That Tom Place was  drafted to a Regular battalion to bring up numbers is indicative that he was already considered a trained and efficient recruit and up to the standards of the Regular Army. He arrived as the battalion was on the move. On 2nd April 1915, it was ordered from Dickebusch to Sanctuary Wood, at 8.30 at night-arriving at 1.am. on the 3rd April ,having marched through Ypres itself. The battalion took over well-prepared trenches constructed by a French battalion that it relieved. During the day, elements of the battalion moved forward to Cam Grove, taking over trenches from a battalion of the Royal Irish Rifles. A very basic problem was that Ypres was overlooked by the Germans and consequently the British line was subject to more frequent and heavier artillery bombardment as the Germans could easily identify targets. On 19th April, the battalion marched back into Ypres and was billeted in casemates in the old fortifications of the town. An encampment in a field outside Ypres was too easy a target for German artillery, so all crowded into the safer casemates of the town. Time out of the line was supposed to be spent in training, resting and cleaning and the 22nd April 1915 was spent mostly in taking baths. However, late on that day, one of the seminal changes in warfare of the Great War started that altered the whole balance of the war.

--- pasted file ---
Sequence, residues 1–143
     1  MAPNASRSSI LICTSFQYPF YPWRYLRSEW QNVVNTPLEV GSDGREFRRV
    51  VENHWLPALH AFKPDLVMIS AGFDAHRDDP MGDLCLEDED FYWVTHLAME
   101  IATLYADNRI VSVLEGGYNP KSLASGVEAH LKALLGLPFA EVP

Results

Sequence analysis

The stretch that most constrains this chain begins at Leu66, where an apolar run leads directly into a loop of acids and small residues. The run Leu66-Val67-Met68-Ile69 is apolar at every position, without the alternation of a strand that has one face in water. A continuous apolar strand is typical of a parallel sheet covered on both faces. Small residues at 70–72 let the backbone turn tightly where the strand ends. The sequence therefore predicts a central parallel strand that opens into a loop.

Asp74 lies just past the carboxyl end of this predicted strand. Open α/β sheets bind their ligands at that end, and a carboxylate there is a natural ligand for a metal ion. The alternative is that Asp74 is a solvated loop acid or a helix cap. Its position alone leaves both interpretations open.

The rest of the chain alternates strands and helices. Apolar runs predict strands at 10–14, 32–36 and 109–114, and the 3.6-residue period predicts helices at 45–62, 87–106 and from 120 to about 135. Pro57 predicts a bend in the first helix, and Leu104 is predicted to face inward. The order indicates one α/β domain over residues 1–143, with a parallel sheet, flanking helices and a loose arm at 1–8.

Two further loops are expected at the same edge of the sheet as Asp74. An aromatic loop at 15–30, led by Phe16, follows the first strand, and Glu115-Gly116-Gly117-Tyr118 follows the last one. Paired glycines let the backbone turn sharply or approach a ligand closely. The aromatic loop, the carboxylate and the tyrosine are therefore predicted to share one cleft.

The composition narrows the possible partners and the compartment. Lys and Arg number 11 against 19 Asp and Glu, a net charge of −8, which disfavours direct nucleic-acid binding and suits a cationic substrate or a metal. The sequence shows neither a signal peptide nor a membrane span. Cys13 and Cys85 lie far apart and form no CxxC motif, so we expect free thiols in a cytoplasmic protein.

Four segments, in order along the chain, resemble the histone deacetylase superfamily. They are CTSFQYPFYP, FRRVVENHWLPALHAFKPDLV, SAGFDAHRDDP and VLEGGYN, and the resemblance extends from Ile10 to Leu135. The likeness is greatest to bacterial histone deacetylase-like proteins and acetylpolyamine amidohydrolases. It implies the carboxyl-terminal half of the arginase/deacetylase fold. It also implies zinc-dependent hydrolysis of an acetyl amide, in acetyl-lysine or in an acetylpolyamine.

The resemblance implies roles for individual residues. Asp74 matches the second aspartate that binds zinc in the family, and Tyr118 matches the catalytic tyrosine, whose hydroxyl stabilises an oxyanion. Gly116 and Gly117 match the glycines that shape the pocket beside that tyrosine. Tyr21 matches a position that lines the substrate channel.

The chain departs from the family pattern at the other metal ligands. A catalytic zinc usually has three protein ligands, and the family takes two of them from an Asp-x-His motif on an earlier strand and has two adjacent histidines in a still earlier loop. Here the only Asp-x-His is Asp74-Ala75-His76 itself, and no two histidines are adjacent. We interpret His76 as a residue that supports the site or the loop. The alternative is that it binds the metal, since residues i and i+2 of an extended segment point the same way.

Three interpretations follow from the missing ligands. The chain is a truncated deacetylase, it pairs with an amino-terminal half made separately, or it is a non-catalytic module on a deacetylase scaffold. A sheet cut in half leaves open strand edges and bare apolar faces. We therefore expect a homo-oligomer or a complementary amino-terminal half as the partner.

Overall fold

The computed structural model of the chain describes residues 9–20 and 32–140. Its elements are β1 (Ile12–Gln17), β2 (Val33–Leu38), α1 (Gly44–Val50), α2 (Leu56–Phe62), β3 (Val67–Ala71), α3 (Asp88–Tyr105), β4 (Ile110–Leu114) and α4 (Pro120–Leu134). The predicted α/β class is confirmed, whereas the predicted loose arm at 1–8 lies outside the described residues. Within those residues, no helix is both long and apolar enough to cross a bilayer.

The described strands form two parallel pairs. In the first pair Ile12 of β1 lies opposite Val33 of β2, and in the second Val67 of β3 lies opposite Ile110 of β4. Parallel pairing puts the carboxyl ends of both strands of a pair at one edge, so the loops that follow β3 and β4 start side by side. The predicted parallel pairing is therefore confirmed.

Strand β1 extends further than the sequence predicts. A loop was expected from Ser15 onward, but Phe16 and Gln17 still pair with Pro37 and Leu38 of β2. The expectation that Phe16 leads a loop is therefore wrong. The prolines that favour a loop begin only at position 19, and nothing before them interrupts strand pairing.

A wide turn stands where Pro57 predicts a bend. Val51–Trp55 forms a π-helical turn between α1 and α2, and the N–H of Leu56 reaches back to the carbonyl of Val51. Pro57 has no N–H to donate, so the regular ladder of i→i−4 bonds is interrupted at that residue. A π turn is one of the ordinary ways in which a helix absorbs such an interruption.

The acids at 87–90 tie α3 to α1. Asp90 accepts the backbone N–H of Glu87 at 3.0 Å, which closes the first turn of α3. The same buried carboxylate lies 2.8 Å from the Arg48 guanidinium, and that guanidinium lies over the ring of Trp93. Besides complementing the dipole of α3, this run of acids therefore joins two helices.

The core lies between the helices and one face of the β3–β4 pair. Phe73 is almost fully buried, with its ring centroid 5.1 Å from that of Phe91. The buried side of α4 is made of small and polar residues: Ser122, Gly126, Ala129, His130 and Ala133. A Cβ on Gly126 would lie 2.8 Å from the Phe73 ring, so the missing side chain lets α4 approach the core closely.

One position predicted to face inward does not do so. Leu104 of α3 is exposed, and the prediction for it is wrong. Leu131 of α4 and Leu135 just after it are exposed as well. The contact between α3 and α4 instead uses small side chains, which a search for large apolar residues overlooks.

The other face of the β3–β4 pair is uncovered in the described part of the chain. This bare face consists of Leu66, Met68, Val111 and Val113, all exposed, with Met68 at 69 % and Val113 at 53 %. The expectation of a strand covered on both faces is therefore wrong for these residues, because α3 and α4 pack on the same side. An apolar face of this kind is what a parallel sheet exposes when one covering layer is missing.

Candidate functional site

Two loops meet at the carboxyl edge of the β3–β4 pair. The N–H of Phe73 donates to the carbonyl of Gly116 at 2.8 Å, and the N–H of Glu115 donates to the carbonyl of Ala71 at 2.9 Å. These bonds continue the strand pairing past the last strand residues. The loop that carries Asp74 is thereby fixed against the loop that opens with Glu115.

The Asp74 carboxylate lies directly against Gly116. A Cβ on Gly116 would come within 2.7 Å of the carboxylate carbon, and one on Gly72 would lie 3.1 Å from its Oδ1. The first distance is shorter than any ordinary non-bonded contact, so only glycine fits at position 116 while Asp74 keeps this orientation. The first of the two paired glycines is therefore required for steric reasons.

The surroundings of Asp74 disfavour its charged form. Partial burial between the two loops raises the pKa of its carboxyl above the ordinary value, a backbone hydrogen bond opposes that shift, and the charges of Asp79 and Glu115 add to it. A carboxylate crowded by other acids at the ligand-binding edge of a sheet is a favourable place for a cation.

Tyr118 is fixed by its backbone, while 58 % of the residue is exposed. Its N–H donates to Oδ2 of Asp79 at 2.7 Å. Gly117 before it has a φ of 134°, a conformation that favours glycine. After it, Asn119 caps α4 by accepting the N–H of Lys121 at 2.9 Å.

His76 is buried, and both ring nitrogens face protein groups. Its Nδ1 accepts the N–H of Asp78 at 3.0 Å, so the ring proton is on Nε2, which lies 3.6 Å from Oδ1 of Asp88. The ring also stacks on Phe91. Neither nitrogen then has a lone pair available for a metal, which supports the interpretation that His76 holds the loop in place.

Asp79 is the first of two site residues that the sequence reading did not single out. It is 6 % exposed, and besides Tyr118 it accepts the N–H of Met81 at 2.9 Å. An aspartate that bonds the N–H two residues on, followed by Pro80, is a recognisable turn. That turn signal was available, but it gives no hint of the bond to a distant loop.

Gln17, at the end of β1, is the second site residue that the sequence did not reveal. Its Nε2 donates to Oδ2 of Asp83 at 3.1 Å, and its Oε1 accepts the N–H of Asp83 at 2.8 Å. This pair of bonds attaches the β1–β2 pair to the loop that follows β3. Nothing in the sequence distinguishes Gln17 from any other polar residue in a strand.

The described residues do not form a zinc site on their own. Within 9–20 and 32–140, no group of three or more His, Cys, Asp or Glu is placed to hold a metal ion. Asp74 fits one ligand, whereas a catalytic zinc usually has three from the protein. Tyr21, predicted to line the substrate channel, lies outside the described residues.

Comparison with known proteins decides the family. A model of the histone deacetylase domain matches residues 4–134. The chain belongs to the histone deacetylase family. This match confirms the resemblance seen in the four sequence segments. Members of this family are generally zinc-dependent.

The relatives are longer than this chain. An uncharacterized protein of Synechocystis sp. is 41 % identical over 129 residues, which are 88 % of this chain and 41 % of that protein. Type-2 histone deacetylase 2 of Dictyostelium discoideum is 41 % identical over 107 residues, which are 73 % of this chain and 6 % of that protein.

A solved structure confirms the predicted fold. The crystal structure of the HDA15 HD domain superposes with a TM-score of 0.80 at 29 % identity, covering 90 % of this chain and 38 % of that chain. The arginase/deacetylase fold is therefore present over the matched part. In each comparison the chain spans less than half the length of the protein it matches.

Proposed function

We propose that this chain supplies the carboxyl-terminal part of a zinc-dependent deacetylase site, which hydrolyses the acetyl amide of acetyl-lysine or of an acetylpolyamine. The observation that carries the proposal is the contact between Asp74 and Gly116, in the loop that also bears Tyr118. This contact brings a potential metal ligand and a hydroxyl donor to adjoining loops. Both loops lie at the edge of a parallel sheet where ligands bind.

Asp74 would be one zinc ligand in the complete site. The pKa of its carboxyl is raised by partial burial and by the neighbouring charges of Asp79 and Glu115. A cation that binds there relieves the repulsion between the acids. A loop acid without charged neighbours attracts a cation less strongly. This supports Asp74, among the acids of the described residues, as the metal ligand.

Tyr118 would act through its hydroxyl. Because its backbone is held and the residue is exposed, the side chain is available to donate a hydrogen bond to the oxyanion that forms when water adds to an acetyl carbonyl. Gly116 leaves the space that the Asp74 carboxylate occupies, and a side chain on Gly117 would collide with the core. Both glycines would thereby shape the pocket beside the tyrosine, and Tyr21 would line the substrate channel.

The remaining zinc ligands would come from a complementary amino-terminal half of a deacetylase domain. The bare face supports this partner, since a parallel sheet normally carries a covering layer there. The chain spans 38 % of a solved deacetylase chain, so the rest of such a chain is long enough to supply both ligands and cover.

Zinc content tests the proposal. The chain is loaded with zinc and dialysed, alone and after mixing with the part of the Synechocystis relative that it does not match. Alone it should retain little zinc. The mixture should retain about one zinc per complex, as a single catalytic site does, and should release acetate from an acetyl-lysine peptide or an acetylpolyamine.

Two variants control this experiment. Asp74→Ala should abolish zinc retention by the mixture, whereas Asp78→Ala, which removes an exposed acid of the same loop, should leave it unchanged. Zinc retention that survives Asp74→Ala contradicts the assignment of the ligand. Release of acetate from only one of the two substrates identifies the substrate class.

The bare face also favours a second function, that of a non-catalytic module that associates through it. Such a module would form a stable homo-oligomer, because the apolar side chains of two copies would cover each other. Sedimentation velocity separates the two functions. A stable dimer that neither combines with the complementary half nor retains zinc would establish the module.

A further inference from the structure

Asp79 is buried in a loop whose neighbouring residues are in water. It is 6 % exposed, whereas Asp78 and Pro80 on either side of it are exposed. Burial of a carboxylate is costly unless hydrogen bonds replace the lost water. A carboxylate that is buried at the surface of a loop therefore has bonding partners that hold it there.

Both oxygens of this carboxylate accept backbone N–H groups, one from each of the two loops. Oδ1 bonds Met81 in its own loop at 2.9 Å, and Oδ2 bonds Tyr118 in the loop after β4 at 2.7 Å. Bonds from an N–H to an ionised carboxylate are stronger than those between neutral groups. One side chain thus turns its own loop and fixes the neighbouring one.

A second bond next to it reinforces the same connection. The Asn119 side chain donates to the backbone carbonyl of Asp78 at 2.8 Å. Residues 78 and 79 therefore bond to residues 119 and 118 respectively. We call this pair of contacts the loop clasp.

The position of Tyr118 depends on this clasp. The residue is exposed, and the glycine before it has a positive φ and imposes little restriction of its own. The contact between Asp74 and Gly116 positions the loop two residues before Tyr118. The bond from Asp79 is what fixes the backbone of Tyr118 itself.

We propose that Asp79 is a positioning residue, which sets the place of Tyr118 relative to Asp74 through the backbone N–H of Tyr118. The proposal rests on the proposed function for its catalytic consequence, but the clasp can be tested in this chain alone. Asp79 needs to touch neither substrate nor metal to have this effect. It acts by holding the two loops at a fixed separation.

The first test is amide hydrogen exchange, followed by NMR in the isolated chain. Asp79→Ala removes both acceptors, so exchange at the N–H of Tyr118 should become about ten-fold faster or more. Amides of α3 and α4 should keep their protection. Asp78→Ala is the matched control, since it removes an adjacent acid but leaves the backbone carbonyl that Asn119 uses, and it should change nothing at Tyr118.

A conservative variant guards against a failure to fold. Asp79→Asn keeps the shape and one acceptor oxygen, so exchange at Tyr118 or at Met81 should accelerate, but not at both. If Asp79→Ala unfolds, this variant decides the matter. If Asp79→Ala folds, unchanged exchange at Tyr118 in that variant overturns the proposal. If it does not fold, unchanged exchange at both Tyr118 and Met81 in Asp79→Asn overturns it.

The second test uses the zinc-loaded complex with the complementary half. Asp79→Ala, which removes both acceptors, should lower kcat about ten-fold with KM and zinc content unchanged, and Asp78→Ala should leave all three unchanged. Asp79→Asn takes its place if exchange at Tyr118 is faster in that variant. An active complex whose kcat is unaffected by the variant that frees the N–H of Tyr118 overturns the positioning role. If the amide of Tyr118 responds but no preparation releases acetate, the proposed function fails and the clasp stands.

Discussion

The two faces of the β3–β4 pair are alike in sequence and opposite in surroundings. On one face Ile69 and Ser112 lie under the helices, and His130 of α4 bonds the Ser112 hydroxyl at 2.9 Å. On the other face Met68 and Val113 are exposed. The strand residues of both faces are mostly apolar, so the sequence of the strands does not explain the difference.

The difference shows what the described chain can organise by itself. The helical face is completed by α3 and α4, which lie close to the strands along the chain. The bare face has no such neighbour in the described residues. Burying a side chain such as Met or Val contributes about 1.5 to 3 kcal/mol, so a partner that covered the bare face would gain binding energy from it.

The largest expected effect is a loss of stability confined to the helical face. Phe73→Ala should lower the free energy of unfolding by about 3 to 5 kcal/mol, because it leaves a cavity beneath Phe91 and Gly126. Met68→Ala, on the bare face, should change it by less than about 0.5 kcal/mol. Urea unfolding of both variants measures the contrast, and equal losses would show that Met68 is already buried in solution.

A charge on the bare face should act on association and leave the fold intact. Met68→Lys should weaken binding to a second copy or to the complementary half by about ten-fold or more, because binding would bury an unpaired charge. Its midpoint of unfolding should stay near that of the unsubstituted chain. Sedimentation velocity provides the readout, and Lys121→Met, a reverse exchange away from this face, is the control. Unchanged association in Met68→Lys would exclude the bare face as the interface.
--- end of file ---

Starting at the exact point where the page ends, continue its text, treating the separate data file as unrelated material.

During 22nd April 1915, the British line around Ypres was under heavy German artillery bombardment, the DCLI position in Ypres being subject to very heavy German 17” shells. Air spotters reported that large numbers of German infantry were massing along roads behind the line, trying to stay hidden-an obvious sign of an impending German offensive. At about 5pm 2nd DCLI were subject to a heavy German artillery bombardment but elsewhere air spotters reported 2 large greenish clouds rolling forward from the German lines which could not be identified. This was, in fact, the first use of poison gas by the Germans, the tanks having been put in their trench line early in April, protected by camouflage-and some 60 tons of chlorine was now released. The opposing Allied front line troops were a division of French Zouaves, who broke and ran under the terror of this new asphyxiating gas. By the end of the day there was a 4 mile gap in the Allied front line and only a depleted Canadian division to hold it. Thus, in the evening of 22nd April all available British troops were ordered into the line and to prepare for a counter-attack to stop the Germans digging in.

    The 2nd DCLI were ordered forward at 2.30 a.m. on the morning of 23rd April 1915, marching through the Menin Gate on their way out of Ypres and arriving at in the front line at about 4.30 a.m., dug in along a line of hedges. Having secured the line, the battalion was ordered to attack at about 2.30 pm that afternoon, along with all other British battalions plugging the gap in the line. It was an unequal contest: the Germans had some 42 battalions covering that sector, with a 5:1 superiority in artillery. The historian of the regiment, Everard Wyrall put a gloss of gallantry on what happened next: